In a blog post announcing the change, CNC's CEO and editor James O'Shea writes that he takes "full responsibility for this situation". He laments that "unlike similar start-up efforts like the Texas Tribune in Austin, the Bay Citizen in San Francisco and ProPublica in New York, we never recruited the kind of seven figure donations from people of means concerned about the declining quality of news coverage around the country."

For more on this story please see our sister publication www.sfnblog.com

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Emma Goodman

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2012-02-22 17:50

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As everyone from businesses to governments to individuals go digital, the amount of raw data being recorded and stored is growing at a dizzying rate. Often this data contains useful information that it is in the public interest to analyse, but it exists in a format that very few people can understand. The solution to the problem? Find experts who can convert large amounts of data into easily accessible stories. In other words, find data journalists.

These are some of the ideas fuelling Danish daily Dagbladet Information's new initiative, Nordisk Nyhedshacker 2012 ("Nordic News Hacker 2012"). The project, run in collaboration with The Guardian, Google and Syddansk Universitet's Center for Journalism, invites journalists or data experts to create a piece of data journalism - which could be anything from a data mash-up to a new mobile app - and submit it to a panel of judges. The creator of the winning entry will be given a $20,000 scholarship by Google and will be invited to work with the Guardian Data Blog in London for one month. The Center for Journalism contributes by advertising the competition and incorporating elements of data journalism into its curriculum.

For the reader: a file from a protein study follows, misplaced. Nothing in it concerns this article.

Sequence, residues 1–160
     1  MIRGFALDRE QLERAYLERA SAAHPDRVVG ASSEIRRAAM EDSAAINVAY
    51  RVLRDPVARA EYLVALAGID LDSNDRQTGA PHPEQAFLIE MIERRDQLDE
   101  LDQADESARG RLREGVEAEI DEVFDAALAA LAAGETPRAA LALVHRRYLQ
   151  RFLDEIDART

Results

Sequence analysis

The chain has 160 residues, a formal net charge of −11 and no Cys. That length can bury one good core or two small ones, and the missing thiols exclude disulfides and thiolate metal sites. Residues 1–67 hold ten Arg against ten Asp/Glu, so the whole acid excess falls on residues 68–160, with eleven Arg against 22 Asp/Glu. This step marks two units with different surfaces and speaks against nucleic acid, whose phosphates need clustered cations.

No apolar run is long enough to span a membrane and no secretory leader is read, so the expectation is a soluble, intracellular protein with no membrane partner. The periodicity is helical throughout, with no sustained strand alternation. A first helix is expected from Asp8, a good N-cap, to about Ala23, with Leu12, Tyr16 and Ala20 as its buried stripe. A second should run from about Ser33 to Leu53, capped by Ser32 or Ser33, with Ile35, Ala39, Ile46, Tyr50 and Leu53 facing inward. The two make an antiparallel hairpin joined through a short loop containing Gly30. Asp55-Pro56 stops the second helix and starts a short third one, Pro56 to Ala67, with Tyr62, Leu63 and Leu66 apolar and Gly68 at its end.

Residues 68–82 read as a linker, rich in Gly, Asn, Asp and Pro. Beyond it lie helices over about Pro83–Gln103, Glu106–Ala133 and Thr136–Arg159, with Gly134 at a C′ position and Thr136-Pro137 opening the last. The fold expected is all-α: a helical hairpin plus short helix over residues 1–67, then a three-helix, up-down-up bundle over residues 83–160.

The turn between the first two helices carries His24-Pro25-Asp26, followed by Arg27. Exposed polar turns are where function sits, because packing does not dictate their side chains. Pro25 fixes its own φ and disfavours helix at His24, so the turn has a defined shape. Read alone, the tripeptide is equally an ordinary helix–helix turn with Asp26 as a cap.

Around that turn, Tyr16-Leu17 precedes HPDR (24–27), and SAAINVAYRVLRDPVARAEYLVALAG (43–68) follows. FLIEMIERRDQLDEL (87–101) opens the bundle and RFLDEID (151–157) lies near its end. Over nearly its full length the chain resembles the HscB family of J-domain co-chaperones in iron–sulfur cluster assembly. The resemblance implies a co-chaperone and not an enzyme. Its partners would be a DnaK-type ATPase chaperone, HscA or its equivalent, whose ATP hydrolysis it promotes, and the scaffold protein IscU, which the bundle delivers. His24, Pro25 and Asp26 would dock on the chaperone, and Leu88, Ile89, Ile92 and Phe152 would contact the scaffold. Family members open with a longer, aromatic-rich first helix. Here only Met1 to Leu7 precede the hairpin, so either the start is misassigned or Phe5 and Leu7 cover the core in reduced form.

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Hannah Vinter

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2012-02-22 17:20

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A team of eight journalists has created a local news cooperative to tackle the closure of the traditional media in their South Wales town of Port Talbot, and to continue to provide community's news coverage (hat tip to the Guardian's Roy Greenslade.)

After Trinity Mirror's Port Talbot Guardian, the community radio station and the local council freesheet all closed down, this group of volunteer journalists launched the Port Talbot Magnet, a local news site which carries news sourced by professional journalists and members of the community, as NUJ Freelance bulletin reported.

Port Talbot Magnet is a not-for-profit community based on a cooperative principle: volunteer professional journalists collaborate with citizens who suggest, participate and fund coverage on local news.

It incorporates a 'Pitch-In' scheme, with members of the community contributing by donating money, suggesting ideas, sending pictures and helping to pay professional reporters to carry out the news coverage.

The underlying idea is that news has a price and it's worth it to the community to pay for it as it it adds value to their lives.

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Federica Cherubini

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2012-02-21 18:17